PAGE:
Victoria Volk: Good morning, good afternoon, or good evening, whatever time it is you're listening to this week's episode. Thank you for being here. If you are liking the podcast and enjoying it, I hope you share it with someone you know or love who may benefit or leave a five-star review on Apple iTunes or wherever you listen and share a few thoughts if you feel inclined to as well. I read all of them and it's always a joy for me to read how my this podcast is impacting the listeners. And that is you. So thank you for tuning in.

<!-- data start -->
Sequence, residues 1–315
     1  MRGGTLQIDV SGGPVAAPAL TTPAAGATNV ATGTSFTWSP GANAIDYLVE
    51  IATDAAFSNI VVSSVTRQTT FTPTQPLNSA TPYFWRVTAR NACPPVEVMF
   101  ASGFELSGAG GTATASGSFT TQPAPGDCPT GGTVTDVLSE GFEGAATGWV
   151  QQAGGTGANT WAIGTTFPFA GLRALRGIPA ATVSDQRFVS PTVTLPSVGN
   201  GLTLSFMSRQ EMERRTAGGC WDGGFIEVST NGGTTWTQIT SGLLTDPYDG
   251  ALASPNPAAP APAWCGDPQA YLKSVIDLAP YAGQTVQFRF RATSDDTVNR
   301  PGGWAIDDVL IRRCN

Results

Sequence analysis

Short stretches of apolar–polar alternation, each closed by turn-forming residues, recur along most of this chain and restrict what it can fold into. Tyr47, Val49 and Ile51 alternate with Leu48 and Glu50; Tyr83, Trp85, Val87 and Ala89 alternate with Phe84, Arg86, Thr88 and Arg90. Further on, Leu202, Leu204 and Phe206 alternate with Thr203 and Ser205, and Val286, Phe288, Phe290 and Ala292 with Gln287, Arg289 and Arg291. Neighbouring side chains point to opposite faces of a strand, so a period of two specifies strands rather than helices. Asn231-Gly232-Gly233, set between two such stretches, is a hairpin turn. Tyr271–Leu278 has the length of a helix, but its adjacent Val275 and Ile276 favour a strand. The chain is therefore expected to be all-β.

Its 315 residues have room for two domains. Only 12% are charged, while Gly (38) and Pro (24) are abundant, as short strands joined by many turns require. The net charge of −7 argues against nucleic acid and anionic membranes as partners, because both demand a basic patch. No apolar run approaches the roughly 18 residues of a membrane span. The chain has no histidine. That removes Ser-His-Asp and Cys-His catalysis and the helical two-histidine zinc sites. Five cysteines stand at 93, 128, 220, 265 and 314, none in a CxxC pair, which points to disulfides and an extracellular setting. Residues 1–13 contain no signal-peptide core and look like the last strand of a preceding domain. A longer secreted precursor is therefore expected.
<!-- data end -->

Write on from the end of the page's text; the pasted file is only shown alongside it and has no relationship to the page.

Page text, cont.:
Victoria Volk: And today, I want to piggyback on the last episode with Maha Bodhi, we were talking about her pet loss. And so today, I want to dive into the topic of pet loss a little bit more and in more general terms. And as far as how the grief recovery institute, addresses pet loss, which is very similar to how we address the loss of someone we love or don't love. Right? Because relationships with people are complicated and sometimes they are less than loving. But nonetheless, even if that relationship is less than loving, there likely is some complex emotions behind that relationship. Right? Because people can disappoint you, they can hurt you, and yet, well, if they're your parent well, you should love them anyway. Right? You should be grateful that you have a parent. All these things that flood a griever's mind when it is a less than loving relationship and sometimes too when it is a loving relationship. Right? Because relationships are tricky and challenging and complex. It's not cut and dry. It's not black and white. There's many nuances to relationships because we are complex human beings. So you put complex human beings together, and where do you get? A hodgepodge of complexity.